Charlie Brooker: Through a glass, darkly

“I mean, what is the point of me? I don’t really know.”

Charlie Brooker doesn’t know what he is any more. “I don’t think of myself as a journalist, but then nor do I think of myself as any of the other things that I do,” he tells me over the phone one morning, having woken up late after a night of scriptwriting. “I mean, what is the point of me? I don’t really know.”

He has a point. His career path has been more a series of drunken lurches than an orderly line. After dropping out of university he drew cartoons for the kids’ magazine Oink, and graduated to a comic strip on a games title, where he was asked to write reviews (“and I thought, ‘I’m not qualified to do that,’ which is a stupid thing to think, like someone is going to check your papers if you’re writing a review of Fallout 1 on a PC”).

For a feature, he prank-called the premium-rate phone lines offering “cheats”, and a compilation was made into a cover-mounted CD. That led to his broadcasting work; and a website satirising TV listings (sample programme title – A Muppet Schindler’s List) led to his review column in the Guardian. Now, he occupies a unique place in British TV: making it, criticising it and satirising it.

Besides his BBC show Screenwipe and his Channel 4 programme, 10 O’Clock Live, Brooker has quietly established himself as a superb writer of both broad comedy and pitch-dark satire. For last year’s Black Mirror trilogy, he wrote an episode in which the country’s beautiful young princess is kidnapped and the ransom demand is that the prime minister has to have sex with a pig, live on television. The idea might sound childish, but Brooker took it very seriously, and the result was the most disturbing piece of drama you could imagine: he unblinkingly investigated the mechanics of the act, the toll it would take on the PM and his wife, and the slow, awful way in which the public’s gleeful rubbernecking turned to self-disgust.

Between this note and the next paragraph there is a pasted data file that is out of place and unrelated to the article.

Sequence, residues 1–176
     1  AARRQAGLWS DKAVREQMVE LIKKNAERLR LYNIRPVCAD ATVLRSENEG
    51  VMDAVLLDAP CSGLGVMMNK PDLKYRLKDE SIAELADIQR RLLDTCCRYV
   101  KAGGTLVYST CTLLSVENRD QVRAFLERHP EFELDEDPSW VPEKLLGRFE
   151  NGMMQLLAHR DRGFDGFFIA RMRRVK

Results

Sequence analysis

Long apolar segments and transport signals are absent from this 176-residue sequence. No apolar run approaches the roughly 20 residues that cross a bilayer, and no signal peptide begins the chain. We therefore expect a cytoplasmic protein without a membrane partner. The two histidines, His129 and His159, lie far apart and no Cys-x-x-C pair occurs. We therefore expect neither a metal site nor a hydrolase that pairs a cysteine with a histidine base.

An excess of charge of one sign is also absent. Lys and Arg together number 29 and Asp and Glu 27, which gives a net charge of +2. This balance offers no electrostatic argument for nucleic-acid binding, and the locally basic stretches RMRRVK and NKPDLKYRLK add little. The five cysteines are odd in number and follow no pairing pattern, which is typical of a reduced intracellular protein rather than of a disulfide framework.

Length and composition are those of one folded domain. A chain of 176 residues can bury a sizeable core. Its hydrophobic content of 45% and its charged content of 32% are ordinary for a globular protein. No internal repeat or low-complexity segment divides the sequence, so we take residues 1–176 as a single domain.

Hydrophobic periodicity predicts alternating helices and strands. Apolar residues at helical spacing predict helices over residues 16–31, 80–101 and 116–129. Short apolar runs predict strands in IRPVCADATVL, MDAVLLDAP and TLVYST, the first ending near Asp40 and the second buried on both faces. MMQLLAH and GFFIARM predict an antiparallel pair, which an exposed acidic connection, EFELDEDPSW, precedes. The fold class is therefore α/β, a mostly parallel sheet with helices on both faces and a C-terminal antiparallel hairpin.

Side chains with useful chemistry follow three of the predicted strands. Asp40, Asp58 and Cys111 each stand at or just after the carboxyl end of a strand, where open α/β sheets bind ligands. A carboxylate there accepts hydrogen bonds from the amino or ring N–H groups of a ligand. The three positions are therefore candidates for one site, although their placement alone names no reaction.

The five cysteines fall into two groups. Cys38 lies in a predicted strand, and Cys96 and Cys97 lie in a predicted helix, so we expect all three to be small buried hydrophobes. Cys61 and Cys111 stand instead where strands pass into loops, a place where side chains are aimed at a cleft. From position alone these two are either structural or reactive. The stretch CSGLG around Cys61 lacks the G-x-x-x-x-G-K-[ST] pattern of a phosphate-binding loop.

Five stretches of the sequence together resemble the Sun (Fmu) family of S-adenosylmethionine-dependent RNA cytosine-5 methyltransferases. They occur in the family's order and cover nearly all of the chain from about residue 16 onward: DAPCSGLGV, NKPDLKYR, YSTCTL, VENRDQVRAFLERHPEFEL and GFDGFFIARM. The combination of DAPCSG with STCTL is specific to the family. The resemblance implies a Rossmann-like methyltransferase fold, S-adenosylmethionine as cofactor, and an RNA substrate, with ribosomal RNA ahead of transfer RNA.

The second episode, 15 Million Merits, was co-written with his wife, Konnie Huq, with whom he has a seven-month-old son called Covey. They created a dystopian future in which daily life consists of pedalling an exercise bike and sleeping in a room lined with plasma screens, which constantly interrupt you with unskippable adverts (you know Facebook would kill to do this). A young man called Bing sacrifices his entire savings – 15 million merits – to help the woman he loves compete on a reality show he believes will help her escape. But in this world, there is nowhere to go. Abi ends up sentenced to life as a porn actress – and her drugglazed face pops up in Bing’s room every night.

Yer picks yer meats

Brooker is writing a second series of the show, but I have to ask him: how did it get made in the first place? How do you tell Channel 4 that you want to show the prime minister porking a pig? “That episode was a replacement,” he says. “There’s a script that is as yet unmade, that was bleaker.”

At short notice, he had to pitch to Jay Hunt, Channel 4’s creative officer. “I think they were worried that it would just be gross-out comedy . . . so I ended the meeting saying, ‘I’ll go away and write as much of it as I can so you can judge it.’ ” In the end, Channel 4’s only quibble was whether it had to be a pig. “We went around the houses. We thought about different animals: about frozen supermarket chicken, at one point a big block of cheese. But whatever you tried to substitute for it wasn’t quite the same – like if it’s a sheep, that’s just too comic. I suggested a duck, but that’s again just too weird. A pig is disgusting enough.”

We end by talking about one of the quirks of British law holding back our ability to satirise public life effectively: the ban on using footage of parliament in comedy shows. Last year Brooker was so frustrated that he re-enacted the Hackgate select committees using the cast of Made in Chelsea.

“Now that might be changing,” he says – and, with any luck, it will happen in time for the latest spinoff from Screenwipe, Newswipe and Gameswipe. “We were going to call it WeeklyWipe, but that just sounds like very poor hygiene.”

Charlie Brooker’s “I Can Make You Hate” is newly published by Faber & Faber (£16.99)

Charlie Brooker arriving at the Baftas this year. Photograph: Getty Images

Helen Lewis is deputy editor of the New Statesman. She has presented BBC Radio 4’s Week in Westminster and is a regular panellist on BBC1’s Sunday Politics.

This article first appeared in the 19 November 2012 issue of the New Statesman, The plot against the BBC

Photo: Getty Images
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Our treatment of today's refugees harks back to Europe's darkest hour